Open Access Highly Accessed Research article

Construction of an adult barnacle (Balanus amphitrite) cDNA library and selection of reference genes for quantitative RT-PCR studies

Tristano Bacchetti De Gregoris12, Marco Borra3, Elio Biffali3, Thomas Bekel4, J Grant Burgess2, Richard R Kirby5 and Anthony S Clare1*

Author Affiliations

1 School of Marine Science and Technology, Ridley Building, Newcastle University, Newcastle upon Tyne, NE1 7RU, England, UK

2 Dove Marine Laboratory, Newcastle University, Cullercoats, Tyne and Wear, NE30 4PZ, England, UK

3 Stazione Zoologica Anton Dohrn, Napoli, Villa Comunale, 80121, Italy

4 Center for Biotechnology (CeBiTec), Bielefeld University, D-33594 Bielefeld, Germany

5 School of Biological Sciences, University of Plymouth, Plymouth, PL4 8AA, England, UK

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BMC Molecular Biology 2009, 10:62  doi:10.1186/1471-2199-10-62

Published: 24 June 2009

Abstract

Background

Balanus amphitrite is a barnacle commonly used in biofouling research. Although many aspects of its biology have been elucidated, the lack of genetic information is impeding a molecular understanding of its life cycle. As part of a wider multidisciplinary approach to reveal the biogenic cues influencing barnacle settlement and metamorphosis, we have sequenced and annotated the first cDNA library for B. amphitrite. We also present a systematic validation of potential reference genes for normalization of quantitative real-time PCR (qRT-PCR) data obtained from different developmental stages of this animal.

Results

We generated a cDNA library containing expressed sequence tags (ESTs) from adult B. amphitrite. A total of 609 unique sequences (comprising 79 assembled clusters and 530 singlets) were derived from 905 reliable unidirectionally sequenced ESTs. Bioinformatics tools such as BLAST, HMMer and InterPro were employed to allow functional annotation of the ESTs. Based on these analyses, we selected 11 genes to study their ability to normalize qRT-PCR data. Total RNA extracted from 7 developmental stages was reverse transcribed and the expression stability of the selected genes was compared using geNorm, BestKeeper and NormFinder. These software programs produced highly comparable results, with the most stable gene being mt-cyb, while tuba, tubb and cp1 were clearly unsuitable for data normalization.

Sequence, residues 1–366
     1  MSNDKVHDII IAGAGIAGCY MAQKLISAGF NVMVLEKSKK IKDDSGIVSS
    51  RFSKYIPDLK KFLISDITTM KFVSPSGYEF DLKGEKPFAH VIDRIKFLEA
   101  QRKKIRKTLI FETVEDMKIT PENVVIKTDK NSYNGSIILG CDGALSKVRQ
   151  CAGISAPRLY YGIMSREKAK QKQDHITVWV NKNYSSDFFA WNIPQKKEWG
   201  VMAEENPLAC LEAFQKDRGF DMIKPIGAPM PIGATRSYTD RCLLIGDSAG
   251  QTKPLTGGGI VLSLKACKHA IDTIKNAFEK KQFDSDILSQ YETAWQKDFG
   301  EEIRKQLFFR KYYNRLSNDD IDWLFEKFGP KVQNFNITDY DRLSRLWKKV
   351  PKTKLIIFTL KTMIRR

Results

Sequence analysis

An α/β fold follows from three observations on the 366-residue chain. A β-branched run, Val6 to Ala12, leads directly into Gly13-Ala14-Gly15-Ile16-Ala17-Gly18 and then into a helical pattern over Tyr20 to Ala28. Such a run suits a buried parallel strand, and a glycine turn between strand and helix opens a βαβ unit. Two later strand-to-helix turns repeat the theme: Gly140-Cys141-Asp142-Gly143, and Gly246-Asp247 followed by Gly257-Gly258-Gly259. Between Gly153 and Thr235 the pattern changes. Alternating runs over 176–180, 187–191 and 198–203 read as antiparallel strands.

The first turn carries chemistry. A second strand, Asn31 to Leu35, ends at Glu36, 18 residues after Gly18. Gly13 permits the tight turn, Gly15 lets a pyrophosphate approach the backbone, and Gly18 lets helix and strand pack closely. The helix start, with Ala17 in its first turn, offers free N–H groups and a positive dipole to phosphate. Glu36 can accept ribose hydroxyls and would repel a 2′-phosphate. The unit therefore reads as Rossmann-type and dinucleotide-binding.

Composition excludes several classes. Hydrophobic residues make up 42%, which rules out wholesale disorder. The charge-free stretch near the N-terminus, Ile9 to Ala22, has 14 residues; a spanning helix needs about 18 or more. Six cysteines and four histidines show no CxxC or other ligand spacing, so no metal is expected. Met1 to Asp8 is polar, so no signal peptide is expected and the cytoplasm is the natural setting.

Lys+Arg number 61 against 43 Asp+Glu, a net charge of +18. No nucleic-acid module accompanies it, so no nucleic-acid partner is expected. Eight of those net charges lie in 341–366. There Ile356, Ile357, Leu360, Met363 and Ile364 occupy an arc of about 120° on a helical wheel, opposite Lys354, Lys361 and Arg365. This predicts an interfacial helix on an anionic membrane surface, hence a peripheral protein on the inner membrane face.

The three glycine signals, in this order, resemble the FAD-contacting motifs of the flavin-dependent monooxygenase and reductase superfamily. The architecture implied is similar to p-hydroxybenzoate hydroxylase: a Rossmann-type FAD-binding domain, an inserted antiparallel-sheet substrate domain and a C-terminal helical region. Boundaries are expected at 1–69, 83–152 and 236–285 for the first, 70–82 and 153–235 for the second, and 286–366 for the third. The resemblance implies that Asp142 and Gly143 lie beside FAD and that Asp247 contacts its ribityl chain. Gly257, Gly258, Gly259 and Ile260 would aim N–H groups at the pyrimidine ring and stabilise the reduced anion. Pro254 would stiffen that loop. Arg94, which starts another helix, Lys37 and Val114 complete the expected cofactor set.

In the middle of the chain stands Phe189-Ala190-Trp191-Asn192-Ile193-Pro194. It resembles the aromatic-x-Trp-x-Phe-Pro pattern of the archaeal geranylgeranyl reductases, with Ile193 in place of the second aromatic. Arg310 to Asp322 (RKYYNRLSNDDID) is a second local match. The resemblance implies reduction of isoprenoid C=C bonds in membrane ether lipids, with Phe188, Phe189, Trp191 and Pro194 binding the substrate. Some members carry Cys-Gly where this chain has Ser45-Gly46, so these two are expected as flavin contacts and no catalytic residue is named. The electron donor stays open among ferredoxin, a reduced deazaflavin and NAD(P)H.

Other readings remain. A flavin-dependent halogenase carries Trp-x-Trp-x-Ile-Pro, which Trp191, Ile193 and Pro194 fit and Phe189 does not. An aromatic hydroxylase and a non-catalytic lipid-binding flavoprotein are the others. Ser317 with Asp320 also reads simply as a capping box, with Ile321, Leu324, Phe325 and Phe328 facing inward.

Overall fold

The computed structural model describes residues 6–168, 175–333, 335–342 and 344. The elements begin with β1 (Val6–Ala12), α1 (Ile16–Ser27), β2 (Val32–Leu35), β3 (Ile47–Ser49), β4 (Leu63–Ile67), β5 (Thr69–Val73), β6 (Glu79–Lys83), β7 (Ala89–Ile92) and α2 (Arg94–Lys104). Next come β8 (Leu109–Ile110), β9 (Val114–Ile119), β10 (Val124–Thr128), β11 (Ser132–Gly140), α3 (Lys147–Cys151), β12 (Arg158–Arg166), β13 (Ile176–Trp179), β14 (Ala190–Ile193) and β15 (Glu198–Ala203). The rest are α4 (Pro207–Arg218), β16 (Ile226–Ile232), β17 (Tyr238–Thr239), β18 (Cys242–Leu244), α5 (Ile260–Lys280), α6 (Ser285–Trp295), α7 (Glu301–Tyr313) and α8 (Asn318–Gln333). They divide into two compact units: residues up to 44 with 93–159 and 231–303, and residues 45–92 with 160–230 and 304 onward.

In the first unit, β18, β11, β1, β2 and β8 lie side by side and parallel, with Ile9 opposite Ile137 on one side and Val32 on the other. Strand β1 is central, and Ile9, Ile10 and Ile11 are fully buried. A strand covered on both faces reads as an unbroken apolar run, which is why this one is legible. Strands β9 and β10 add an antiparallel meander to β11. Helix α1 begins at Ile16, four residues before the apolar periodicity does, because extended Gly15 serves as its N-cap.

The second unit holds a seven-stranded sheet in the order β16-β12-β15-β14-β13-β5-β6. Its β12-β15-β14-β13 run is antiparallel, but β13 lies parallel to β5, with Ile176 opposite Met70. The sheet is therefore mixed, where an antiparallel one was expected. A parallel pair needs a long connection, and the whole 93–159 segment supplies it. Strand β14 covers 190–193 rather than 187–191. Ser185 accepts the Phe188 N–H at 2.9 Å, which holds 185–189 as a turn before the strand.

Conclusion

The collection of B. amphitrite ESTs and their annotation has been made publically available representing an important resource for both basic and applied research on this species. We developed a qRT-PCR assay to determine the most reliable reference genes. Transcripts encoding cytochrome b and NADH dehydrogenase subunit 1 were expressed most stably, although other genes also performed well and could prove useful to normalize gene expression studies.